This is an excerpt from my written comprehensive exams that I completed in the Spring of 2016.
Creativity in music education has been a hotly contested issue. Those who teach performance based classes such as band, choir, and orchestra often argue that within those ensembles, students are creating. They are creating music with their peers in a collaborative manner that produces a final product. Some educators and researchers may disagree and suggest that students and teachers in these ensembles are not creating, but rather, re-creating music. Musical decisions have been already been created by the original composer and it is the ensemble’s duty, often at the discretion of the ensemble director, to ‘realize’ those musical directions that are on the page. So, based on this generalized description, it is hard to argue that large ensembles are truly embodying the process of “creating”.
It might be wise to consider the words “creating” and “creativity” and if there is a difference between the two. “Creating” may be best defined as the act of doing, whereas “creativity” may be best understood as the thought process that initiates “creating.” So there may be “creativity” in place but perhaps the act of “creating” has not occurred. Within this debate comes in “composing”, another word that creates angst among music educators for a myriad of reasons. (Dr. Sandra Stauffer has greatly influenced my thinking on this term and rather than use "compose" in my own classrooms, I use "create" and will refer to this term versus composition.) With a push from the National Standards for educators to embrace "composing" in their ensemble classes to further students creative and creating potential, it is no wonder our profession is having the sometimes heated conversations that we are having. To some educators, playing in ensemble, as described above, is a perfectly acceptable form of creating. However, we must look deeper to the student’s individual needs to perhaps have a better understanding as to why encouraging students to compose, actively engaging the creativity process to participate in the act of creating, might be incredibly beneficial to the student as a musical being.
Research related to creating in the classroom is mostly regulated to experiences of elementary students. Something happens when students enter a large group experience and no longer have the opportunity to create. The little research on creating in secondary ensembles attempts to understand how students create in quantifiable terms (Menard, 2015). While this is useful, especially measuring comfort levels of students attitudes towards composing via a pre-test and post-test and their ability levels, I believe this potentially undermines the greater affect of the process.
Research suggests that secondary educators are resistant to creating for a variety of reason that include: time, attitude towards composing, fear of quality and lack of preparation to teach composition (Hickey 2010, Menard, 2015). Many educators fear that devoting time to creating in the performance-based classroom will take time away from performances. With this time element is an attitude that creating does not belong in the large group ensemble experience. In a past conversation with a previous colleague, I recall sharing a great experience that I had with my bands as we negotiated a creating project within the confines of the space that was afforded to us, and the colleague responded with “band should be band, if kids want to compose, they should take music theory or a composition class..” While anecdotal in nature, this opinion is not entirely uncommon and raises a whole host of issues regarding the ways in which we teach creating and who has access to those experiences. Because performance-based classes are grounded in the "traditional' expectation of high quality performances, there is a fear among educators that a lack of quality in the student compositions may be reflective in the teacher’s inability or lack of training in composition. This raises another issue in regards to teacher preparation and how colleges and universities are including creating in their studies (Stringham, 2016).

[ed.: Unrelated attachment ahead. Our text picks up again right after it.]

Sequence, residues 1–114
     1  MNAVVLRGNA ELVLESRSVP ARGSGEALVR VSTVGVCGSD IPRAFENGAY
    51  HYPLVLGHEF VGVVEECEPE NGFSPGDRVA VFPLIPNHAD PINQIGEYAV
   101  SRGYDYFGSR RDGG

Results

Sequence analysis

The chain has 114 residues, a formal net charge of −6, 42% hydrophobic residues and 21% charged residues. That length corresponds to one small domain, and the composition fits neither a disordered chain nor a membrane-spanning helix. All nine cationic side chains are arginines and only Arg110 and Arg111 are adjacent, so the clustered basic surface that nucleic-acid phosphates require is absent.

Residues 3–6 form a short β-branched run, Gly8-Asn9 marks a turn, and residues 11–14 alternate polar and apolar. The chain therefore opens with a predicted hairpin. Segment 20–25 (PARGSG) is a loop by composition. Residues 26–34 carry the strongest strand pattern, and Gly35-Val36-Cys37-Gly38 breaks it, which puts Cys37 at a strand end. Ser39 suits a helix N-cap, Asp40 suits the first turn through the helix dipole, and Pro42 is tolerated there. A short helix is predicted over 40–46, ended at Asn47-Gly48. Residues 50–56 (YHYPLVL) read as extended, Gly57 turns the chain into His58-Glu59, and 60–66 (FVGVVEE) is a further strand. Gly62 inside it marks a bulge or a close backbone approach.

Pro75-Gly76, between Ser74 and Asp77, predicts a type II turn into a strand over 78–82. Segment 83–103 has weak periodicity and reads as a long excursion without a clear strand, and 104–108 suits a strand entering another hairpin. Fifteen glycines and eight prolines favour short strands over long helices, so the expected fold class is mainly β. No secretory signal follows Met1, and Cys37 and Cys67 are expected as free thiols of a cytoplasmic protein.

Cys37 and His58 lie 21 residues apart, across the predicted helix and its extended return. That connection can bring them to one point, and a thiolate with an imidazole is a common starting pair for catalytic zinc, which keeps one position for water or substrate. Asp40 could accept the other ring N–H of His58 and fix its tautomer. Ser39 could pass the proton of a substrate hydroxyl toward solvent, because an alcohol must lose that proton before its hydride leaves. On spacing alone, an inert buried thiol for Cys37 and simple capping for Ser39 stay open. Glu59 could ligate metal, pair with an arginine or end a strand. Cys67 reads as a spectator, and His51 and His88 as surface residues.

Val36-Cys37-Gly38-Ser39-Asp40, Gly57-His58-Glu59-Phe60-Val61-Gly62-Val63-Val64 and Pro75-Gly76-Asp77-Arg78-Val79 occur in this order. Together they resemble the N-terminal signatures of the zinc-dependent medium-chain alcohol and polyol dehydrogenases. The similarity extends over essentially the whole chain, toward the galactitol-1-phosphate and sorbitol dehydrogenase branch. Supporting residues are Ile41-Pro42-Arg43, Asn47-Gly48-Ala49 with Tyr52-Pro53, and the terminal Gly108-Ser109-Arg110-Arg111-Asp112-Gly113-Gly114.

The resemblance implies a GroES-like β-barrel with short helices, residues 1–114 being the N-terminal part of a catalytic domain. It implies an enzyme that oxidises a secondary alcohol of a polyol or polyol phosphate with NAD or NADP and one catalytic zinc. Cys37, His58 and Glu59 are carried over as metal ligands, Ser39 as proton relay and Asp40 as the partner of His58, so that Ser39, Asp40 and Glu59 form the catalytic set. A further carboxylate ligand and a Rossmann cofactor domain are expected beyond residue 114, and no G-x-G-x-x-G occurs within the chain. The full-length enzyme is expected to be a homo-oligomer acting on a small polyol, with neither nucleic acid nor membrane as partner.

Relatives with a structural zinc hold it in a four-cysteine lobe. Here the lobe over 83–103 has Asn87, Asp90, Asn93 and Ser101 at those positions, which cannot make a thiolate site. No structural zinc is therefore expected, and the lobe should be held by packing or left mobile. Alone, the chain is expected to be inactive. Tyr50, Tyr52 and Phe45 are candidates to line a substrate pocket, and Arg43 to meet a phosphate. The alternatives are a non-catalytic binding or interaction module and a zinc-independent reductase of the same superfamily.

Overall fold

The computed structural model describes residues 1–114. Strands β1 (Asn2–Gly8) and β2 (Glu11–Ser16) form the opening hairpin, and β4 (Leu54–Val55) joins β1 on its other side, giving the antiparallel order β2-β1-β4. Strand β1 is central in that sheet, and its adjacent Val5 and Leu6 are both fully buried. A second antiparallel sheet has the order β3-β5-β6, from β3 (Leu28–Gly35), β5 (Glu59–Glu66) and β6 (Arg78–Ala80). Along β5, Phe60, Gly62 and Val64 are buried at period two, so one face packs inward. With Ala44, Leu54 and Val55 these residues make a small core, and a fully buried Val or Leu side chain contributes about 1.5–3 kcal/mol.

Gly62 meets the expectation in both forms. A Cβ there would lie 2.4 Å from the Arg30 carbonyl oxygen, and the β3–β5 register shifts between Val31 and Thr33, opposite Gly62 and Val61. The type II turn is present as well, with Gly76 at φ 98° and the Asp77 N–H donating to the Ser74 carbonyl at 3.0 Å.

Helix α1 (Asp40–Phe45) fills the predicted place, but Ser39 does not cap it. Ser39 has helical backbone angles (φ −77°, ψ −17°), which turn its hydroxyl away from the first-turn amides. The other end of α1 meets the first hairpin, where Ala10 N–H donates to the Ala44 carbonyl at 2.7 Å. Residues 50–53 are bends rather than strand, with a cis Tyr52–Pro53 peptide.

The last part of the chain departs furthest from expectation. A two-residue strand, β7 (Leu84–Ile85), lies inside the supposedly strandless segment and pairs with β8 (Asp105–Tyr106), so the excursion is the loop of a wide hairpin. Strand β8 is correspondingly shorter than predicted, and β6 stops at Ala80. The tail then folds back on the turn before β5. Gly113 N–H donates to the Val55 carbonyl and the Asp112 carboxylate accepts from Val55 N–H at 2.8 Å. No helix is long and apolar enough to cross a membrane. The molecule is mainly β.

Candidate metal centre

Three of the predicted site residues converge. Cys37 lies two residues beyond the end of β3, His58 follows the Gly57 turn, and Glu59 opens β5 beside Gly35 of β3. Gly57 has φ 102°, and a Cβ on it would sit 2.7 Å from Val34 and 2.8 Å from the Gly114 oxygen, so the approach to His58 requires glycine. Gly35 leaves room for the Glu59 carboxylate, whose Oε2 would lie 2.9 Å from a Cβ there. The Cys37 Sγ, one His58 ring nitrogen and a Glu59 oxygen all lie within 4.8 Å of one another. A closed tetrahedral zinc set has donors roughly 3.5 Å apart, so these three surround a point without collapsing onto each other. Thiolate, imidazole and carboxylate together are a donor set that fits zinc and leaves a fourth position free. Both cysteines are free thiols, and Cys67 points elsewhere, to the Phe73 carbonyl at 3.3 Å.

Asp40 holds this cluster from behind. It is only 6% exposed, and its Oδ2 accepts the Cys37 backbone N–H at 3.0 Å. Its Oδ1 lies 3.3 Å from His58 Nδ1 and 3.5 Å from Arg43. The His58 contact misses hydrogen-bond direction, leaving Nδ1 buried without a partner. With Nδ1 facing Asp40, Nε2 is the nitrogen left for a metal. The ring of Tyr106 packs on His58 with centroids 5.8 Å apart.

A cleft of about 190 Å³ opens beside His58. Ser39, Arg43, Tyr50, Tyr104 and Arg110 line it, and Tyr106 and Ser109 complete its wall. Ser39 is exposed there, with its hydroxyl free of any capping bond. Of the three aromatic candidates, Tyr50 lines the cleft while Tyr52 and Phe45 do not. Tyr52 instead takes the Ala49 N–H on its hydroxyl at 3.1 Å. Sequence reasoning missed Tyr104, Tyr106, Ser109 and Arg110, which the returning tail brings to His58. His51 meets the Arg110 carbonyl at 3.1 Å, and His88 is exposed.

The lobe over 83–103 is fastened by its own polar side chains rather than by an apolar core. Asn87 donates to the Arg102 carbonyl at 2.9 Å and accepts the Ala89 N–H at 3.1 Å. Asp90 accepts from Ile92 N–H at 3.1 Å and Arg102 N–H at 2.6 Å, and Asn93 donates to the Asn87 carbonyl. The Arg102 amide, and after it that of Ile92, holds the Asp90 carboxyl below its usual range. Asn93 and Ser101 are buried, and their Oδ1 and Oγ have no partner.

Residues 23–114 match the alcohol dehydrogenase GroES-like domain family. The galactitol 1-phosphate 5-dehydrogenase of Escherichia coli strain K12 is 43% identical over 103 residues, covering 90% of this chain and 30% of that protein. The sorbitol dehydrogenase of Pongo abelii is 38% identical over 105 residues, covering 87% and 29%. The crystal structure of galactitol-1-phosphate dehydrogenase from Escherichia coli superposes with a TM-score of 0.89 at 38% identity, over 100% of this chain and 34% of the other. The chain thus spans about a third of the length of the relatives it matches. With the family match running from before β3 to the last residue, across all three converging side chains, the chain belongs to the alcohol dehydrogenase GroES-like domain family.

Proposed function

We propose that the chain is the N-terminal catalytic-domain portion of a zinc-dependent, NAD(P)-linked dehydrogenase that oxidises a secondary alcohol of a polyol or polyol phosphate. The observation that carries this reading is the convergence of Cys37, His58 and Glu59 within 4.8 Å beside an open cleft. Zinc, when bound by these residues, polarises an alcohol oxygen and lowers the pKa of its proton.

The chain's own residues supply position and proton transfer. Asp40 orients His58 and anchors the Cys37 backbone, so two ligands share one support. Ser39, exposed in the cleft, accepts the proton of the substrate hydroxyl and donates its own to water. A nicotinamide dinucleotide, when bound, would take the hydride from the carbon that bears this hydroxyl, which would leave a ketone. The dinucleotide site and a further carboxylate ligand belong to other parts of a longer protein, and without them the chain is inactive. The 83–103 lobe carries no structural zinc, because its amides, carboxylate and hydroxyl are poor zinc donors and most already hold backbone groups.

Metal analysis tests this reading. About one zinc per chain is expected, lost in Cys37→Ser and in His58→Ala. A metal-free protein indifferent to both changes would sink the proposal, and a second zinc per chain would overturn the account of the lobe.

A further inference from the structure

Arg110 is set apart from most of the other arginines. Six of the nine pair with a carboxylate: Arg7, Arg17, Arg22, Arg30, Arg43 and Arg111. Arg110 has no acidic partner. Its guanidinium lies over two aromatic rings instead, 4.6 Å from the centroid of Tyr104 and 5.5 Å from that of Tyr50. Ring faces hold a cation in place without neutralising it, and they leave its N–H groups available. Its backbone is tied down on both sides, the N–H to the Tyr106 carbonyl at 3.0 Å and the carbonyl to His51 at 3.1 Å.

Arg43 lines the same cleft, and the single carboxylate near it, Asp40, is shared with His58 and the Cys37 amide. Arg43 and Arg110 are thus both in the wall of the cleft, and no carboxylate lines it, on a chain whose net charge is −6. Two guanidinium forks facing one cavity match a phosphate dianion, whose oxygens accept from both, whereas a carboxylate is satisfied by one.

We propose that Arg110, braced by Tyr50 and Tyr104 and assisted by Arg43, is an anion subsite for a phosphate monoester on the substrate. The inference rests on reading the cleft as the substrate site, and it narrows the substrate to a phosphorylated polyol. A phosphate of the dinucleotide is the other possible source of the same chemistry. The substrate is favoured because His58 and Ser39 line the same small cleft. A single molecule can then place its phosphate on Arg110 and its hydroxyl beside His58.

While these issues and challenges are very real and cause for concern, perhaps we can take a look at what our elementary counterparts are doing to include creating in their classrooms as a way to reinforce musical concepts. Hickey (2010) suggests that every new concept that is being taught can be reinforced through creating. This is where the word “composing” starts to raise fear in music educators. There is a mis-guided belief that in order to teach "composition" we must start with theory and our students should be creating four part chorales. In reality, creating a short rhythmic motif is a form of creation. Stringham (2016) suggests that for more advanced students, using the current repertoire in their folders as a basis for creating will foster additional understanding of musical ideas but also encourage student’s to create their own understanding of music.